Depression is when the clinically-depressed person perceives a world in which everything is hopeless and negative, and beyond any control on their part.
Mania is a period of abnormally marked elation, joy or euphoria. When in a manic state, a person will derive immense pleasure from everything and have enormous energy, requiring little sleep. Sometimes the mania can lead people into behaviours and activities that are completely alien to their usual patterns of life, such as wild extravagance (often based on unfounded optimism) or sexual promiscuity.
It is important to appreciate that some people experience depression or mania singly, some have both at different times (bipolar mood disorder – previously called manic depression), while a few even have both at the same time (elation and energy, but depression or anxiety as well). Each person is likely to have different patterns in terms of the timing of episodes, what (if anything) seems to bring them on, whether they actually recover fully between episodes and how much their normal, day-to-day functioning is affected.
A psychosis is a severe mental disorder characterised by disorganisation of the thought processes, disturbances in emotions, disorientation to time, space and person, and, in some cases, hallucinations and delusions. Schizophrenia is one of the disorders that involves psychotic behaviours and is by far the most common. Every year an estimated three to four thousand people enter public hospitals in Australia with a diagnosis of schizophrenia. Around one in a hundred people will experience schizophrenia, usually starting in early adulthood.
Schizophrenia is an extremely complex disorder. The symptoms can include:
- Disorganised thinking. Thinking becomes disorganised as the ability to make associations between ideas and events is disturbed by the psychotic condition.
- Emotional effects. Schizophrenia frequently disturbs the individual's awareness of and ability to monitor their emotional expression. Frequently there is a shallowness or blunting of emotion.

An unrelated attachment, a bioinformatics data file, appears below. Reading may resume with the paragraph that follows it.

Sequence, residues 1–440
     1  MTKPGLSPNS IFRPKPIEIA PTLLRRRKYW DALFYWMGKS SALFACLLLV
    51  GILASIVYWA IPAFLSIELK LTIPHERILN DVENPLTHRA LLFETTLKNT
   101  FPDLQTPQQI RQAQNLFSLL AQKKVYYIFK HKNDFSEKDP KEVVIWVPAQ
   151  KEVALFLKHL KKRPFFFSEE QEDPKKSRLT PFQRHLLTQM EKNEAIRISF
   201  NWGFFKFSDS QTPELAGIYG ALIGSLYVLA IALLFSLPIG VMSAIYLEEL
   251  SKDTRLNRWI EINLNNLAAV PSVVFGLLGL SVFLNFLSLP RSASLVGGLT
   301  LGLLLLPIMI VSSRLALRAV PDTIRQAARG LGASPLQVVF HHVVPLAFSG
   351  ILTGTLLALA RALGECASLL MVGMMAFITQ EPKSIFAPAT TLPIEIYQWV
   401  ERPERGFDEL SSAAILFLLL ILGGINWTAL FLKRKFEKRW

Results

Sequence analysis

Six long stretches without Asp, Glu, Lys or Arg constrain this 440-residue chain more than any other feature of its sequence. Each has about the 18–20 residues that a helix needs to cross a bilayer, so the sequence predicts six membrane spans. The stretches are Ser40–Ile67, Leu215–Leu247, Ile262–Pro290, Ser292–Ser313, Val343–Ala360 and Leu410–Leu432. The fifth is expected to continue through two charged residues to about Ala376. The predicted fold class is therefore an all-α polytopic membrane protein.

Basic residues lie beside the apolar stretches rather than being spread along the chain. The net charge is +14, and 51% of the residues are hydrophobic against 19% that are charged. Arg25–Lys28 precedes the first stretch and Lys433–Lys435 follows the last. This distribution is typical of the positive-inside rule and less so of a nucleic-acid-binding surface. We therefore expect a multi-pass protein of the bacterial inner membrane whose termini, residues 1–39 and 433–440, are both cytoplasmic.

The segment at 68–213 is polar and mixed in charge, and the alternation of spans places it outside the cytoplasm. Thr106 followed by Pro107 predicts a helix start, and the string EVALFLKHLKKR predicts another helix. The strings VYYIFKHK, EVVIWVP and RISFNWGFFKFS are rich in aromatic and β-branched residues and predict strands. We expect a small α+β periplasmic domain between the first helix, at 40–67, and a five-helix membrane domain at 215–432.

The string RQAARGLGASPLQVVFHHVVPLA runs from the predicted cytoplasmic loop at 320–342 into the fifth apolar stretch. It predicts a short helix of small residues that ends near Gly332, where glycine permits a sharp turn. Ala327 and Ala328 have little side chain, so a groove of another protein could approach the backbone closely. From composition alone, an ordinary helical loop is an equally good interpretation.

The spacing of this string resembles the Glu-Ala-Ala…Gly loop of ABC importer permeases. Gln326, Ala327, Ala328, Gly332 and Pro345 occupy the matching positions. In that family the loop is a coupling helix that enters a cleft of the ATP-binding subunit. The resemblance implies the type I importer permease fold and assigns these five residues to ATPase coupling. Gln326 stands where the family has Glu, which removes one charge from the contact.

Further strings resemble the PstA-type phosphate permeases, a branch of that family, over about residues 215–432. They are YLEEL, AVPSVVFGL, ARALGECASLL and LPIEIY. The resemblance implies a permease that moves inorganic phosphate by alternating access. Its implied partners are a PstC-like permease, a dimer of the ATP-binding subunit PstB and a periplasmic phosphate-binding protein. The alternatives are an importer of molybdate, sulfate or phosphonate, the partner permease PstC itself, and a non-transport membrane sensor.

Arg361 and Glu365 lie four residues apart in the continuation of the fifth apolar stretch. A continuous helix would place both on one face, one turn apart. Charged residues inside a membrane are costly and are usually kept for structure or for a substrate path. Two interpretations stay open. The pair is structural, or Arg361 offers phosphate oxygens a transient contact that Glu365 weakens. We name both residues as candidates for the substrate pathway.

- Perceptual disturbance. Schizophrenia often produces perceptual disturbances in the form of hallucinations – perceptions of things that others do not perceive. The most common hallucinations experienced by people with schizophrenia are auditory – usually in the form of voices.
- Delusions (false beliefs) develop out of distorted perceptions. Common delusions are beliefs about persecution (my house has been bugged by ASIO), and grandeur (the prime minister asks for my advice).
- Contact with reality is likely to be disturbed by the condition as people become disoriented in time and place and lose their sense of personal self.
- Disturbed motor behaviour (movement) may also be evident. There may be significant reduction of spontaneous activity or stereotyped movements. Mannerisms, grimacing, pacing, rocking or immobility may occur.
As with any condition, the effects of a mental illness differ from person to person, even those diagnosed with the same condition.
- Difficulties relating to others – People with mental illness may find it hard to trust people as a direct effect of their illness. For example, the experience of paranoia (delusions of persecution or grandeur that may accompany psychotic disorders) will often make the person extremely suspicious of others. Similarly, they may see life as unpredictable and insecure, making them appear very pessimistic and 'disbelieving' in response to what others say or do.
- Dependency and helplessness – The nature of a mental illness can make a person feel helpless and dependent on others. They feel powerless to do anything themselves and want and expect others to do it for them.
- Loss of self-esteem – Very often, mental illness is accompanied by feelings of low self-worth which can be expressed in a number of ways including depression, over-timidness, flat emotional expression, lack of interest in personal care, low eye contact, lack of confidence when talking to others. It can also be disguised in over-confidence, aggression and attention-seeking behaviour.
- Stress – A mental illness may make a person less immune to stress and less able to cope with stressful situations.
- Agitation – Symptoms of mental illness are often displayed in varying degrees of agitation which can take both physical (for example, pacing, hand-wringing) and emotional ('racing' thoughts, rapid speech) forms of expression.
- Anxiety – People with a mental illness (of any kind) are more likely to feel anxious.
- Amnesia – Short or long-term loss of memory is often experienced as part of a mental illness.